A Perspective on Coastal Dunes

  • M. L. Martínez
  • N. P. Psuty
  • R. A. Lubke
Part of the Ecological Studies book series (ECOLSTUD, volume 171)

Coastal dunes are eolian landforms that develop in coastal situations where an ample supply of loose, sand-sized sediment is available to be transported inland by the ambient winds. They are part of unique ecosystems which are at the spatial transition between continental/terrestrial and marine/aqueous environments. Coastal dunes are part of the sand-sharing system composed of the highly mobile beach and the more stable dune. A large variety of coastal dune forms are found inland of and above the storm-water level of sandy beaches and occur on ocean, lake, and estuary shorelines. They are distributed worldwide in association with sandy beaches, producing a wide range of coastal dune forms and dimensions related to spatial and temporal variations in sediment input and wind regime


Sand Dune Sandy Beach Coastal Dune Dune System Coastal Sand Dune 
These keywords were added by machine and not by the authors. This process is experimental and the keywords may be updated as the learning algorithm improves.


Unable to display preview. Download preview PDF.

Unable to display preview. Download preview PDF.


  1. Carter RWG (1991) Coastal environments.Academic, London Google Scholar
  2. Carter RWG, Curtis TGF, Sheehy-Skeffington MJ (eds) 1992 Coastal dunes. Geomor-phology, ecology and management for conservation. Proc 3rd Eur Dune Congr. Gal-way. Ireland 17-21 June 1992. Balkema, Rotterdam Google Scholar
  3. Clements FE (1936) Nature and structure of the climax. J Ecol 24:252-284 CrossRefGoogle Scholar
  4. Cowles HC (1899) The ecological relations of the vegetation on the sand dunes of Lake Michigan. Bot Gaz 27:95-117 CrossRefGoogle Scholar
  5. García-Novo F, Crawford RMM, Díaz-Barradas MC (eds) (1997) The ecology and con-servation of European dunes. Univ de SevillaGoogle Scholar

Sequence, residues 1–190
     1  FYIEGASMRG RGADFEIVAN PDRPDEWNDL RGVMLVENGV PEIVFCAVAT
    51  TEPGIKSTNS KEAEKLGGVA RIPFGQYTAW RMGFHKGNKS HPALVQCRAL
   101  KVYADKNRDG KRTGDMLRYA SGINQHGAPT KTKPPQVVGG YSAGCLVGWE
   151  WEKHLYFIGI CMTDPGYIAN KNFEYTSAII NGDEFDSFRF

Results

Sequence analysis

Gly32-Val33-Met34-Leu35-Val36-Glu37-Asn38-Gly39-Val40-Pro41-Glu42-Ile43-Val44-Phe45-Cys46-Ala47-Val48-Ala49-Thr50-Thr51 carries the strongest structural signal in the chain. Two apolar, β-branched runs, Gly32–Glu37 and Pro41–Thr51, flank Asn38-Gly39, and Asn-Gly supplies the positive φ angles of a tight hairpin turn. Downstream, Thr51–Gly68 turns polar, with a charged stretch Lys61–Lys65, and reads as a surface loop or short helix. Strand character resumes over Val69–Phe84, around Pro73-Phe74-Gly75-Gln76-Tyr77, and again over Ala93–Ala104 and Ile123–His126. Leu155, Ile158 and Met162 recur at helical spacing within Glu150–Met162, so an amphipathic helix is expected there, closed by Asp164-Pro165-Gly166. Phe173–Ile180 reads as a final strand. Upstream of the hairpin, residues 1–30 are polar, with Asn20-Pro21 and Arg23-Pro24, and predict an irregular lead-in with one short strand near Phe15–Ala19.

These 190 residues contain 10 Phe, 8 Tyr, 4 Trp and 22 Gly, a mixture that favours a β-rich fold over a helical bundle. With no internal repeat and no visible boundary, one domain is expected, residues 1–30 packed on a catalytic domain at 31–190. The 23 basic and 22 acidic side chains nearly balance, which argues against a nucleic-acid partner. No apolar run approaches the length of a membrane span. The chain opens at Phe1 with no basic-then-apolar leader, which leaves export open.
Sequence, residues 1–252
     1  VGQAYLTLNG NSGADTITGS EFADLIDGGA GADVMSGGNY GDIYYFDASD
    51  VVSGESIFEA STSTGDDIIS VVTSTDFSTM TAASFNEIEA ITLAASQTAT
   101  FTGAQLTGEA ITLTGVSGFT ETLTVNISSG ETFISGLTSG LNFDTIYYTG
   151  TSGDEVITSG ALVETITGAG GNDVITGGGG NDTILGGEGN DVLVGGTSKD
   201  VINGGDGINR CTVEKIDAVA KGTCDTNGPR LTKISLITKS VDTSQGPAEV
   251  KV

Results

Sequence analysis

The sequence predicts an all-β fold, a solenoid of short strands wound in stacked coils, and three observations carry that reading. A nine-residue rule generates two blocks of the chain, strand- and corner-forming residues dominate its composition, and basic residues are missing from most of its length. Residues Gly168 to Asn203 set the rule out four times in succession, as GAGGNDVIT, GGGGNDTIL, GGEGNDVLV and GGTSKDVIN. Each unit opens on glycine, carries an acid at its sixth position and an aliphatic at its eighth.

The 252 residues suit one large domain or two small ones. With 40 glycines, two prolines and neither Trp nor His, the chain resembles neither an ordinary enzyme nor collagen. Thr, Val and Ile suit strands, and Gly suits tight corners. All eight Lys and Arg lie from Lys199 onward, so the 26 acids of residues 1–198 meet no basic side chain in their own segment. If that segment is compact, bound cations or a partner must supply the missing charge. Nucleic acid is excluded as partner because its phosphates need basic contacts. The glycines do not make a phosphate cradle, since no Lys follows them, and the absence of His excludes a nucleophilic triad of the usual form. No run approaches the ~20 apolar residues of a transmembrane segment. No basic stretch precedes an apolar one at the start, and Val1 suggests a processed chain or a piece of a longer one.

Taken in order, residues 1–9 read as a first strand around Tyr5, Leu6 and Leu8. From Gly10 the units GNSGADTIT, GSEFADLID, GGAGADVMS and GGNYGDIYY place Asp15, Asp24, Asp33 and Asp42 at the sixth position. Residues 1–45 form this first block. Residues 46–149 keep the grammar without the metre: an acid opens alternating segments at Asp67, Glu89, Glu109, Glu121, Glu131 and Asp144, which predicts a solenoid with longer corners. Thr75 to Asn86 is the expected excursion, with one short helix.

6. Gimingham CH,Ritchie W,Willetts BB,Willis AJ (eds) (1989) Coastal sand dunes.Proc R Soc Edinb B96Google Scholar
  7. Grootjans AP, Jones P, van der Meulen F, Paskoff R (eds) (1997) Ecology and restoration perspectives of soft coastal ecosystems. J Coastal Conserv Special Feature 3:1-102 Google Scholar
  8. Hesp PA (2000) Coastal sand dunes. Form and function. Massey University. Rotorua Printers, New Zealand Google Scholar
  9. Kelletat D (1995) Atlas of coastal geomorphology and zonality.J Coastal Res Spec Issue 13Google Scholar
  10. Nordstrom K, Psuty N, Carter B (1990) Coastal dunes. Form and process. Wiley, Chich-ester Google Scholar
  11. Packham JR, Willis AJ (1997) Ecology of dunes, salt marsh and shingles. Chapman & Hall, Cambridge Google Scholar
  12. Parsons JR (1968) The archeological significance of mahamaes cultivation on the coast of Peru.Am Antiquity 33:80-85 CrossRefGoogle Scholar
  13. Pye K (ed) (1993) The dynamics and environmental context of aeolian sedimentary systems. Geol Soc Spec Publ No 72Google Scholar
  14. Seeliger U (1992) Coastal plant communities of Latin America. Academic Press, New York Google Scholar
  15. van der Maarel E (1993a) Dry coastal ecosystems: polar regions and Europe. Elsevier, Amsterdam Google Scholar
  16. van der Maarel E (1993b) Dry coastal ecosystems: Africa, America, Asia and Oceania. Elsevier,Amsterdam Google Scholar
  17. van der Meulen F,Witter JV, Ritchie W (eds) (1991) Impact of climatic change on coastal dune landscapes of Europe, Special edn. Landscape Ecology, vol 6no (1/2). SPB Academic Publishing, The Hague, pp 5-113 CrossRefGoogle Scholar
  18. Snead RE 1972 Atlas of world physical features.Wiley, New York Google Scholar
  19. Wiedemann AM, Dennis R, Smith F (1999) Plants of the Oregon coastal dunes. Oregon State Univ, Eugene Google Scholar

Copyright information

© Springer-Verlag Berlin Heidelberg 2008

Authors and Affiliations

  • M. L. Martínez
    • 1
  • N. P. Psuty
    • 2
  • R. A. Lubke
    • 3
  1. 1.Departamento de Ecología VegetalInstituto de Ecología, A.CVeracruzMéxico
  2. 2.Institute of Marine and Coastal SciencesRutgers UniversityNew BrunswickUSA
  3. 3.Botany DepartmentRhodes UniversityGrahamstownSouth Africa

Personalised recommendations